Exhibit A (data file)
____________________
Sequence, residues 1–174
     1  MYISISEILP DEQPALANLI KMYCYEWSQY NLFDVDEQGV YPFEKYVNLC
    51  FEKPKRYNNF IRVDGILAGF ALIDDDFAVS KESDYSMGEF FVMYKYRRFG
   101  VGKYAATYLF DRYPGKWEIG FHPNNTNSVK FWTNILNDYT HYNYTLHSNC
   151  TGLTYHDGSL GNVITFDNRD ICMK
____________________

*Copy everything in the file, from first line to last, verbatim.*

Sequence, residues 1–174
     1  MYISISEILP DEQPALANLI KMYCYEWSQY NLFDVDEQGV YPFEKYVNLC
    51  FEKPKRYNNF IRVDGILAGF ALIDDDFAVS KESDYSMGEF FVMYKYRRFG
   101  VGKYAATYLF DRYPGKWEIG FHPNNTNSVK FWTNILNDYT HYNYTLHSNC
   151  TGLTYHDGSL GNVITFDNRD ICMK